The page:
With Elon Musk’s Takeover Looming, Twitter Tops Q1 Estimates for User Growth and Income

Twitter, which this week accepted a deal to go private in a $44 billion sale to Elon Musk, reported income a touch lighter than Wall Street predicated in the first quarter of 2022. But the social network blew away forecasts on earnings and user growth.

Q1 revenue was $1.20 billion, up 16% year-over-year, reflecting “headwinds associated with the war in Ukraine,” according to Twitter. Net income came in at $513 million, representing and diluted earnings per share of 61 cents.

Twitter boosted daily average monetizable daily active usage — its proprietary metric it calls “mDAU” — to 229.0 million for Q1, up 16% versus Q1 in the prior year and a sequential net gain of 14.3 million. Average US mDAU was 39.6 million for Q1, up 6.4% compared to Q1 of the prior year.

Wall Street on average expected Twitter to report $1.22 billion in revenue and earnings of 3 cents per share, according to Refinitiv. Analysts were looking for 226.9 million monetizable DAUs in Q1, per StreetAccount.

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After agreeing to the Musk deal on Monday, Twitter canceled its previously scheduled Q1 earnings call.

“Given the pending acquisition of Twitter by Elon Musk, we will not be providing any forward looking guidance, and are withdrawing all previously provided goals and outlook,” the company said Thursday.

Twitter’s stock closed at $48.64/share Wednesday — 10% below the $54.20/share buyout price offered by Musk. That gap indicates some investor belief that Musk’s deal for Twitter could potentially be blocked by regulators or otherwise fail to be consummated. The terms of the agreement include a $1 billion breakup fee if either side backs out.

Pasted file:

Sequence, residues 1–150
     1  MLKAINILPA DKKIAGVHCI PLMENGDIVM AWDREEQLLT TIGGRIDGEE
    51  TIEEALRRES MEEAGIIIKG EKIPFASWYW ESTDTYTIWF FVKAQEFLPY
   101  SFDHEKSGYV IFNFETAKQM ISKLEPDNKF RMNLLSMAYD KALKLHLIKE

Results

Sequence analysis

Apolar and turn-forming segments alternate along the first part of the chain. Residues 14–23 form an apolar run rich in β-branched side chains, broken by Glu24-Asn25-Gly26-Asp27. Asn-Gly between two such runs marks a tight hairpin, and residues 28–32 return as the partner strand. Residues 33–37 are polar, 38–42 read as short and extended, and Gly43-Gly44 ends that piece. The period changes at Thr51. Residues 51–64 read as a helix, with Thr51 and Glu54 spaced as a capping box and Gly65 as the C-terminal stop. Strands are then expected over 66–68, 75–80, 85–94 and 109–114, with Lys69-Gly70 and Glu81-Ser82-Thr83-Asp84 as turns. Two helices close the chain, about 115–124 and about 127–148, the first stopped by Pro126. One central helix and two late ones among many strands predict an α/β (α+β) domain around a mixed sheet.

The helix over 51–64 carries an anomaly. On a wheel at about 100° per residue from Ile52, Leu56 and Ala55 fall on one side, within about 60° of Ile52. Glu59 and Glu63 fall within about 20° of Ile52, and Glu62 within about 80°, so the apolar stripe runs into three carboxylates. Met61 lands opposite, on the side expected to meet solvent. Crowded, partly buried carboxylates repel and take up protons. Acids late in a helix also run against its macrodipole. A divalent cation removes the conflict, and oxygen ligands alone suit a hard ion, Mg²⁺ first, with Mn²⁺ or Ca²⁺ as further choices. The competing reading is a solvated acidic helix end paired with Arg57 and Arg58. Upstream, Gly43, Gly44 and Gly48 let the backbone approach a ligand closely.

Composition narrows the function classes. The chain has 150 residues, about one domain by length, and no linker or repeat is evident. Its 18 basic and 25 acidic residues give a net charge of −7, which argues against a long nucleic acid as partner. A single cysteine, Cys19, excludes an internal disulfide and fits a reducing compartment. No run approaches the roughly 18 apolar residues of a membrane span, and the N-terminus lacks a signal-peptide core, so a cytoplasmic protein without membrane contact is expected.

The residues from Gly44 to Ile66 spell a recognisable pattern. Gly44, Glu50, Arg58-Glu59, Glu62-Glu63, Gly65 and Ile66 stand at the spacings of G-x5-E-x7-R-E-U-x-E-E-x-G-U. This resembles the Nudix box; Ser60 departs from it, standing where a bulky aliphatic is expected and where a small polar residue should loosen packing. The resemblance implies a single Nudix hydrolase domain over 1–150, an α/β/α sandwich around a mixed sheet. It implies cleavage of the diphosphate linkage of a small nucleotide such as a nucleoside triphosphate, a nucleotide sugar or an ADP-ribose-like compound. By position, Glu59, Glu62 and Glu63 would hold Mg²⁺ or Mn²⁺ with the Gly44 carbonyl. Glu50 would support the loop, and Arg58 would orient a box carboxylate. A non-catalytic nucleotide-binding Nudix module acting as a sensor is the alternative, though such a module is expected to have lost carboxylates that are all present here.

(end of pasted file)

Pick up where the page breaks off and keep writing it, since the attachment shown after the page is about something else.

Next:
Twitter was backed into a corner by Musk, who within a whirlwind span of three weeks went from disclosing a 9.2% stake in the company to making a $44 billion unsolicited bid after securing financing for the massive deal — one the board effectively was forced to accept on April 25 in the absence of other options.

Musk, the mercurial tech titan who heads Tesla and SpaceX, has said he wants to allow more free-wheeling speech on Twitter, raising fears he could weaken the company’s policies banning misinformation and hate speech. He also wants to push Twitter toward a subscription model, away from advertising, as well as enact changes including authenticating “all human” users and open-sourcing Twitter’s algorithms “to increase trust.”

Under the terms of the agreement, Musk is barred from posting tweets that “disparage” the social network or its employees. On Tuesday, Musk criticized Twitter’s top lawyer, Vijaya Gadde, for the 2020 decision to freeze the account of the New York Post, after the paper published stories about Hunter Biden. “Suspending the Twitter account of a major news organization for publishing a truthful story was obviously incredibly inappropriate,” Musk tweeted.